Siddhartha is a Turkish band, and even though I pride myself with having music from the far side of the globe, the only other album I have from this country, is by a symphonic act called Asia Minor. Compared to Asia Minor that perhaps wields the most peculiar of all English accents known to prog, you´d be hard pressed to hear where Siddhartha hail from, if it wasn´t for those small sneaky Arabian melodies that from time to time are played by an elegant sounding electric guitar. These are very effective sections by the way and furthermore constitute a small part of what makes this album so good: a multitude of different characteristics.

You´ll hear spacey synths steaming and oozing from behind the tracks like some sonic back draft from an invisible door. They are there, but then again not really. Just like those waves of sound you´ll get from a pensive Richard Barbieri, they exist like musical ghosts hovering ballet instructors. In the front of these surrealistic vacuums of sound, you´re treated to melodies led mostly by electric guitars(one track is with an acoustic). Using massive build ups, without ever getting in the vicinity of post rock, these guitars utilize swaying and fluctuating riffing that orgasm in - yep, you´ve guessed it: buttery Gilmour solos! But not quite, as this ax man is far more fiddly(in a good way though), and he relies on completely different musical ideas. In fact, I am quite sure the third track is a spacey psychedelic rendition of the melodic guitar refrain from Metallica´s Unforgiven, without being a rip off. That´s diversity for ya right there. As a natural musical eruption of these soft wailing guitars, you quite often also get another solo intertwining itself into the main line, and beautiful things are afoot - shooting you right out of your sofa and into the skies. This guy is a real treat, and the way he infuses his culture into the notes is masterful and subtle, just like a Persian ninja sneaking his hand up your skirt. Swish!!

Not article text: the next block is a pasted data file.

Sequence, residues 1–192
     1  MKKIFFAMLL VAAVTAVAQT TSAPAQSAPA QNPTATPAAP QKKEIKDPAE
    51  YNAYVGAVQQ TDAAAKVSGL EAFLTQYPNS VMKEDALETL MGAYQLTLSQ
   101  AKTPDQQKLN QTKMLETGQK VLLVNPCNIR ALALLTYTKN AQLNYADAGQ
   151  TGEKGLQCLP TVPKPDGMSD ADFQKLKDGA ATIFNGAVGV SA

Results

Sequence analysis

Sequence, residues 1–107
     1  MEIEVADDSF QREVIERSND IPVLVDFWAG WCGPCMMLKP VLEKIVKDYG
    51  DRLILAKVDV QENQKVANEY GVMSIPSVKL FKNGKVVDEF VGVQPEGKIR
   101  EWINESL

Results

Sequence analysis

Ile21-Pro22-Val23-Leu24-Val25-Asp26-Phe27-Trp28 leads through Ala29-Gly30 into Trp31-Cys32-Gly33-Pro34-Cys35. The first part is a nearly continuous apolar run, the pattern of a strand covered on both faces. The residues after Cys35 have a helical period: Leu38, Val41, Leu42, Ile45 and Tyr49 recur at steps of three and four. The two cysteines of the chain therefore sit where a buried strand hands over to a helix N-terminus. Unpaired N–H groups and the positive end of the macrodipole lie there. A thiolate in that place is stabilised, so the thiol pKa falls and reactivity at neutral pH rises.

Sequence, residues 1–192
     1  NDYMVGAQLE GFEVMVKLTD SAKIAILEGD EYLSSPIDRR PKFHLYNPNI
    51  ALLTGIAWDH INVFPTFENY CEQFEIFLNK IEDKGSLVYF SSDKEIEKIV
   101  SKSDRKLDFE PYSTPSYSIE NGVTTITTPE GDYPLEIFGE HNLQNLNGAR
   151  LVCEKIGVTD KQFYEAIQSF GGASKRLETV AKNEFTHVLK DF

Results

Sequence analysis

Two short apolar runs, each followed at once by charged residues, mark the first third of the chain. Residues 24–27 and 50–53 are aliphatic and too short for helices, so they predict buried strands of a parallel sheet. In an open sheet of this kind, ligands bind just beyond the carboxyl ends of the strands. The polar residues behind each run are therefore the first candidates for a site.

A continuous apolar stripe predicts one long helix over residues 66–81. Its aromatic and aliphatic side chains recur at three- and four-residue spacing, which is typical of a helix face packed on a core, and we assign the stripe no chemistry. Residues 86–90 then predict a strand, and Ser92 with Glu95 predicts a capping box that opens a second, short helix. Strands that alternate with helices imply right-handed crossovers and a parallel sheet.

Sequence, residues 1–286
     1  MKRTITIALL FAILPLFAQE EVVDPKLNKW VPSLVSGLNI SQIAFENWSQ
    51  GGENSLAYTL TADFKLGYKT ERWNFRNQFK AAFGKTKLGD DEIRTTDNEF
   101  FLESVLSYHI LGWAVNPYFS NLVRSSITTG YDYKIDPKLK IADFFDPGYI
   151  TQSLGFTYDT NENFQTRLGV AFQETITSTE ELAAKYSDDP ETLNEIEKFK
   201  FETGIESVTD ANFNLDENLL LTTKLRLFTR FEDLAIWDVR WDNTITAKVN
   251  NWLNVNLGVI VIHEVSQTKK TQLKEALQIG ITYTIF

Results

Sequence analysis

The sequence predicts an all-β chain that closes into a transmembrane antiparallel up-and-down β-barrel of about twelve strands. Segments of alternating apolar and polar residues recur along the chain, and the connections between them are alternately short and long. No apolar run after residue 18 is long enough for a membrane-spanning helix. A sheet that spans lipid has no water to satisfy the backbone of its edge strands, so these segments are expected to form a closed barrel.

What definitively shifts the focus away from the Floyd, and adds a deep bountiful and rawkous foundation - is an incredibly heavy drummer. This dude sounds like a cement mixer! He changes the face of the music, which by itself would be soothing and psychedelic, - and puts a hot poker up its backside. I could say something ludicrous along the lines of: This is a rocking Pink Floyd on steroids, and whilst being close to the truth, - it would also diminish what this band has successfully achieved, and that is to have created an astounding piece of psychedelic tinged song based music.

There are no duds on this album, and the farther you get into its bosom the more enthralling and alluring it gets. The soft bitter sweet vocals are another hit, which brings a fragility to the mix that is highly intoxicating and used very effectively in all the right places. Soaring male siren singing in a world of grunts, coarseness or whiny margarine.

Needless to say, that if you´re into Floyd and how they rolled in the mid 70s, you should need this like a parrot needs a pirate´s shoulder. Fans of Porcupine Tree and Vespero should definitely also try this album, as it conveys a way of developing and enhancing a form of music that once was monopolized by a single artist. Well not any more boyo! 4.5 original stars. Review fro

Songs / Tracks Listing

1. A Trip to Innerself (10:25)
2. The Explorer (6:51)
3. Desert (3:30)
4. Baroque (3:57)
5. Nervous Breakdown (11:51)
6. Beyond Destiny (9:33)
7. Distant Cry (6:42)
8. Black (8:45)

Total Time 61:34

Line-up / Musicians

- Özgür Kurcan / vocals, guitars 
- Ege Madra / guitars 
- Ulas Akin / bass 
- Volkan Yildirim / keyboards 
- Orkun Öker / keyboards 
- Kaan Sezgin / drums
- Nil Karaibrahimgil / vocals
- Kerem Özyegen / vocals 
- Neslihan Engin / keyboards 
- Berke Özcan / percussion
- Serkan Yilmaz / percussion

Monday, 5 November 2012

Jade Warrior - Fiifh Element (1998)